We have an eclectic collection of 78s and LPs that we have been adding to joyfully over the years. We have some 7-inch (45s and 33s) in there as well, but not many. The 7-inch records tend to be nifty early vinyl Jazz or one-off releases that we just like. (We have a copy of “Yuppie Drone”, for example, by the Pheromones, a duo whose act I caught one day in… I dunno… 1982… in a coffee shop outside of Washington DC. I had to have their only record – and have it still.) Regardless, the collection includes Jazz, Blues, Swing, Folk, Rock, and lots of stuff in between. We have very specific wish lists of items that we are always on the lookout for and try to track them down wherever we think they may be hiding. We also have been selling off some items to make room for others. We sometimes buy large lots of records that may include disks we already have, disks we like but don’t necessarily collect, or disks we just can’t keep for lack of room. As Stephen Wright once said, “You can’t have everything. Where would you put it?”
So, that’s what we do, and we’ve been having a blast doing it.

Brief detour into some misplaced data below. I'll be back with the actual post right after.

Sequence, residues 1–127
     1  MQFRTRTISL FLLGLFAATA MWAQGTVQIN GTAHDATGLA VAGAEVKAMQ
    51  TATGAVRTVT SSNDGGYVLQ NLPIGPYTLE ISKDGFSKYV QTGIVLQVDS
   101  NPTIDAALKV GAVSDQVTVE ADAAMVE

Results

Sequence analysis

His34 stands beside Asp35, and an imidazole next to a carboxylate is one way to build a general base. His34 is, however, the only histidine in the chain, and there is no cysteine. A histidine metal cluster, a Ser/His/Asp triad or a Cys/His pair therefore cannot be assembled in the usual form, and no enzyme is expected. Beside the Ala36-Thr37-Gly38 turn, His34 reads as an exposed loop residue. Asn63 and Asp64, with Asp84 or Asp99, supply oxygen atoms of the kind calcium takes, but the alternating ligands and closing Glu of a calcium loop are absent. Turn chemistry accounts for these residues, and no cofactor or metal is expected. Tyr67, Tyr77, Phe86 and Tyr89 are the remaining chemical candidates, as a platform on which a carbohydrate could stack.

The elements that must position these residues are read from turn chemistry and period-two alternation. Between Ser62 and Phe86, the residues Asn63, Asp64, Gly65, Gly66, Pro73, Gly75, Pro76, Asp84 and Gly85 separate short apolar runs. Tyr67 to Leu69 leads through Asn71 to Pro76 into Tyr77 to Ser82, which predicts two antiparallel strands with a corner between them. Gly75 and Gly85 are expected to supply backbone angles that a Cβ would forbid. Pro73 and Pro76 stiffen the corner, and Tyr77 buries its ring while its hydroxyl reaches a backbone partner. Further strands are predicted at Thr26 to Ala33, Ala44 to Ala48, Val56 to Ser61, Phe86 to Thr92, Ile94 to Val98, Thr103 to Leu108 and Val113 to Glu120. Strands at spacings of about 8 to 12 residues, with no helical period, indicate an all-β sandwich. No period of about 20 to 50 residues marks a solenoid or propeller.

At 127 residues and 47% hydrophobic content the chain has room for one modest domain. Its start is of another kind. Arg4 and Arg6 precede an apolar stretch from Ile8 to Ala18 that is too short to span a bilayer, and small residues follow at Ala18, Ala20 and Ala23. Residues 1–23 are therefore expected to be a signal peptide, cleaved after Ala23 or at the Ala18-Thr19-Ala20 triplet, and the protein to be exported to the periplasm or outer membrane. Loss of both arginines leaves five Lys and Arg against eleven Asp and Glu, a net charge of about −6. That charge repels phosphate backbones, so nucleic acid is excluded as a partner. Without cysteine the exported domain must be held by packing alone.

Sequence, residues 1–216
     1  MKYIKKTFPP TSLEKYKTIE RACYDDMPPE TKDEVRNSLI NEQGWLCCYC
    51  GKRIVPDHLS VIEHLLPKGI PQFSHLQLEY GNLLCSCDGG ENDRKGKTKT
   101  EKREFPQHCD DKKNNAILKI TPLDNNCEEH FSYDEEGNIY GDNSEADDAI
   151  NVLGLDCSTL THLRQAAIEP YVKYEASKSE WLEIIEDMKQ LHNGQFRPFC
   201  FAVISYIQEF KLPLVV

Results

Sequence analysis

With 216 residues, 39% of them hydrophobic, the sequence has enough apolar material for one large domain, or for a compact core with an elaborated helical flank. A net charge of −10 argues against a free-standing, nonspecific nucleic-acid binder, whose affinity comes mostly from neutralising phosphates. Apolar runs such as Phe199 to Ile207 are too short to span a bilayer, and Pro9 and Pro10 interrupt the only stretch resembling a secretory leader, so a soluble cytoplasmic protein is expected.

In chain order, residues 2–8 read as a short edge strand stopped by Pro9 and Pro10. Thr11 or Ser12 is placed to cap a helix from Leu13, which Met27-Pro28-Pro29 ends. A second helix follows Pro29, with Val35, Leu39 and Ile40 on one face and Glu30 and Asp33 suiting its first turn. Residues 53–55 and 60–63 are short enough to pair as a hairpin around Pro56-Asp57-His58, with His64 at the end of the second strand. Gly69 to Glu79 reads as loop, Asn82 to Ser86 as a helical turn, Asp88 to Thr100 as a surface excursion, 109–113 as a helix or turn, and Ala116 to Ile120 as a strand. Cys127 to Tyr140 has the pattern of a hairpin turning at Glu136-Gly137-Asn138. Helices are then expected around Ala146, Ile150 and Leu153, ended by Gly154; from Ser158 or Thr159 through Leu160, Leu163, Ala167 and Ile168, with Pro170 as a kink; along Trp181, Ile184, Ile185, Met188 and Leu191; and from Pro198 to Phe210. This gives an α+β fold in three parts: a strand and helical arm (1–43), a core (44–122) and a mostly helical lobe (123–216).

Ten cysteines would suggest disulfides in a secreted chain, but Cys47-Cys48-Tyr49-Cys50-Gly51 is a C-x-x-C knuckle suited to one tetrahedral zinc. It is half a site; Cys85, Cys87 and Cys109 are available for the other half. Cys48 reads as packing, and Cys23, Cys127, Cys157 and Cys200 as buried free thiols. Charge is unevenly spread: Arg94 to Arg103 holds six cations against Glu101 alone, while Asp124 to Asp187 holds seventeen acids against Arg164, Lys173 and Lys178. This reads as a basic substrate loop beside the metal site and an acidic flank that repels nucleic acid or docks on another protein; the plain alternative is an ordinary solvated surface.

About the Recordings
All of these recordings are made directly from turntable to digital wave file then converted to mp3. The turntable is an Audio Technica AT-LP120-USB with a wide, 3mil stylus. It interfaces via USB with a laptop running a recent version of Fedora Linux.
Post-recording processing involves little more than clipping the first few seconds of silence at the beginning and end of each song and boosting the volume for consistency across all the recordings. We do all this using SoundForge. We do not apply any hiss reduction, compression, effects or other similar audio manipulations. What you are hearing here is as close as we can get to what we hear when we play these records ourselves. In only one case was this not entirely true. Our only copy of Memphis Minnie’s “New Caught Me Wrong Again” skipped midway through, forcing us to advance the stylus manually and edit the resulting file. We lost a few seconds of the recording, but decided that was better than nothing at all. The platter had been tortured in the extreme before it came to us, and we are always on the lookout for a crisp replacement. This is true for many of our pieces that haven’t aged well over the years as they were shuttled from owner to attic to basement to ambivalent relative to what-have-you to Retriever Records.